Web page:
We could try to create a new architecture for PCs from scratch to bring the bill of materials down to USD 100. The RD costs for this effort along with the time taken would be significant, even prohibitive. Even the most recent introduction of a computer by Wal-mart (from MicroTel, and running Lindows) is USD 299 (excluding monitor). There is no way I see how new (desktop) computers can be sold profitably at USD 100-150. The game of the future should be focused on software and marketing, rather than re-inventing the hardware. This brings us to the third solution.

We can look at providing second-hand computers to the masses in the enterprises. The developed world with its near-saturation adoption of computers is now disposing 3-4-year-old PCs by the millions. In fact, the US itself will see 45 million computers being disposed off in the next three years as corporates upgrade to newer desktops. In fact, in many countries the older PCs pose a recycling problem. These computers can be made available to the emerging markets. This is, according to me, the only way to get full-fledged PCs for USD 100. These PCs are targeted at a new set of users in the SMEs in emerging markets. For them, they offer the first taste of computing.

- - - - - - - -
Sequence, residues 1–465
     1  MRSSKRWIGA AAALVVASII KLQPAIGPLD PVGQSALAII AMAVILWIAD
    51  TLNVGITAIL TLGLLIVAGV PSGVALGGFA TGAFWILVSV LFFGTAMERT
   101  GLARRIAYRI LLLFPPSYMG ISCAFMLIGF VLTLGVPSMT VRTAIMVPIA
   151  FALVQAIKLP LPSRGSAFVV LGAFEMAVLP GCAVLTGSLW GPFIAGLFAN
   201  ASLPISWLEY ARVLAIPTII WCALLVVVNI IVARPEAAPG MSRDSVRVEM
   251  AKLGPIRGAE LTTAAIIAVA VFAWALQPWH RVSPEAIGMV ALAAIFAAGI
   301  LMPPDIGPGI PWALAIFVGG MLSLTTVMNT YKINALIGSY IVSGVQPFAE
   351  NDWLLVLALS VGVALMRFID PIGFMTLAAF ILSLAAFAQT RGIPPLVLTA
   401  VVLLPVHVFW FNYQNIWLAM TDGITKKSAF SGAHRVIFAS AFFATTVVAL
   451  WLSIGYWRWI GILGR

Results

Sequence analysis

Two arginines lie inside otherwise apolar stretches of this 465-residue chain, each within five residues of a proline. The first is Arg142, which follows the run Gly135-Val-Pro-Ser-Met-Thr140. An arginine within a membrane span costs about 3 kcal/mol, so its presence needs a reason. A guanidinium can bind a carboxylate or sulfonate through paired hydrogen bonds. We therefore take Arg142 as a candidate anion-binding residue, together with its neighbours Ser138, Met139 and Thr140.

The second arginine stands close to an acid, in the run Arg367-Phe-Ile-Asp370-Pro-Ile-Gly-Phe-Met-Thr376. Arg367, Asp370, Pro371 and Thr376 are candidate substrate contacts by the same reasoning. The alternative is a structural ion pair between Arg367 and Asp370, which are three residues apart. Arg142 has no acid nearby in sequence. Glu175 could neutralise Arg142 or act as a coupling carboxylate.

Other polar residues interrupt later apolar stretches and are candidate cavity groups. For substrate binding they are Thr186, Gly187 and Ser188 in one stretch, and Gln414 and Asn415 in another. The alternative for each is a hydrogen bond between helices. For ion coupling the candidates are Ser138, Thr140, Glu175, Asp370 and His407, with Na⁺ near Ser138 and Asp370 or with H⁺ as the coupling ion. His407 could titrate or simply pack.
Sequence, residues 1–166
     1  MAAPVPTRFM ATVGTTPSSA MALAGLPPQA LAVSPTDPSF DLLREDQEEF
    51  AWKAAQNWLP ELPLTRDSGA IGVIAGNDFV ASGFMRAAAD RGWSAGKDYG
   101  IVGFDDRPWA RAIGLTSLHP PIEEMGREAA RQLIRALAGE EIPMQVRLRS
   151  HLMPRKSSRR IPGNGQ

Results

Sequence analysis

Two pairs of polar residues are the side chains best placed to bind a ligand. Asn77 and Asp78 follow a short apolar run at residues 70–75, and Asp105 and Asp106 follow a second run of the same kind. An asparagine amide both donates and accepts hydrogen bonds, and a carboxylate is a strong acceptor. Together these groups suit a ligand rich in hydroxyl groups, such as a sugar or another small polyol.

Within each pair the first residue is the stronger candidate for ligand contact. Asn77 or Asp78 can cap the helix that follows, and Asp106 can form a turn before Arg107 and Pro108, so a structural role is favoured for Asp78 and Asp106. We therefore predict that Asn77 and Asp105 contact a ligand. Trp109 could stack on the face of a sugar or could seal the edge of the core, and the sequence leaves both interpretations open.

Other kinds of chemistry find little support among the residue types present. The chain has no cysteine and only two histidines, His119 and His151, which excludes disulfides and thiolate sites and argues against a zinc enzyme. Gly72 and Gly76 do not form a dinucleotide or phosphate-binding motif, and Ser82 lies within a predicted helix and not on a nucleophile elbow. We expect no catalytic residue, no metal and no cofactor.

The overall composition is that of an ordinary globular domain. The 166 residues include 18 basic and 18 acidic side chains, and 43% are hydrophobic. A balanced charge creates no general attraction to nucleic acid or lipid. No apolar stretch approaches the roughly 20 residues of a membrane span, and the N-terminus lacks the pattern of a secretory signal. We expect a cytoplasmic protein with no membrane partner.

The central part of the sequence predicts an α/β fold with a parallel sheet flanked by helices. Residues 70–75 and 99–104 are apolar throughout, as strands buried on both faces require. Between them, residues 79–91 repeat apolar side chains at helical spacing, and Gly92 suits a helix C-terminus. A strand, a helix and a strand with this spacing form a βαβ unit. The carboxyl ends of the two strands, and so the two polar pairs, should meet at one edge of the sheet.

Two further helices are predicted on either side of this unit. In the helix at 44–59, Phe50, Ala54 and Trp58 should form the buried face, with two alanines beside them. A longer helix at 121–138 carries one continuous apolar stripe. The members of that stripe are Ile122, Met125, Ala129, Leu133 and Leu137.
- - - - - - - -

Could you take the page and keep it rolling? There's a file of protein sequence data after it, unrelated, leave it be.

The computer has been the single most transformational invention of the past quarter century what we are doing now is making it available to the next set of 500 million users. This is the way to bridge the digital divide which exists between SMEs and the bigger companies, and between the emerging markets and the developed markets.